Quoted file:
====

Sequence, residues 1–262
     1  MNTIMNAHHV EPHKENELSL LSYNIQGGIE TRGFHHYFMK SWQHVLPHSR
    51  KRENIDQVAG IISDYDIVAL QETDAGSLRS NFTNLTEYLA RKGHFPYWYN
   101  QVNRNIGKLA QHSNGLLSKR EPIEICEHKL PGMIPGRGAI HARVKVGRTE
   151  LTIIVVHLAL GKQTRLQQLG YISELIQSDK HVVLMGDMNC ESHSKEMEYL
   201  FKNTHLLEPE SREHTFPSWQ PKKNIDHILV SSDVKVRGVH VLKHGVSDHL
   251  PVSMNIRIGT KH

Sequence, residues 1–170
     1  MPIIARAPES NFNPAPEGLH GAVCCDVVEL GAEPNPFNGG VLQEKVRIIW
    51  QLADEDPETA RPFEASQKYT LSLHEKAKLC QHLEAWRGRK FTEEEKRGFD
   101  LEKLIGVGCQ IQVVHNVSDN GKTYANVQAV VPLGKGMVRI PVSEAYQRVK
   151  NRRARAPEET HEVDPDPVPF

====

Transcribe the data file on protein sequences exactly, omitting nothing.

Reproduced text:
Sequence, residues 1–262
     1  MNTIMNAHHV EPHKENELSL LSYNIQGGIE TRGFHHYFMK SWQHVLPHSR
    51  KRENIDQVAG IISDYDIVAL QETDAGSLRS NFTNLTEYLA RKGHFPYWYN
   101  QVNRNIGKLA QHSNGLLSKR EPIEICEHKL PGMIPGRGAI HARVKVGRTE
   151  LTIIVVHLAL GKQTRLQQLG YISELIQSDK HVVLMGDMNC ESHSKEMEYL
   201  FKNTHLLEPE SREHTFPSWQ PKKNIDHILV SSDVKVRGVH VLKHGVSDHL
   251  PVSMNIRIGT KH

Sequence, residues 1–170
     1  MPIIARAPES NFNPAPEGLH GAVCCDVVEL GAEPNPFNGG VLQEKVRIIW
    51  QLADEDPETA RPFEASQKYT LSLHEKAKLC QHLEAWRGRK FTEEEKRGFD
   101  LEKLIGVGCQ IQVVHNVSDN GKTYANVQAV VPLGKGMVRI PVSEAYQRVK
   151  NRRARAPEET HEVDPDPVPF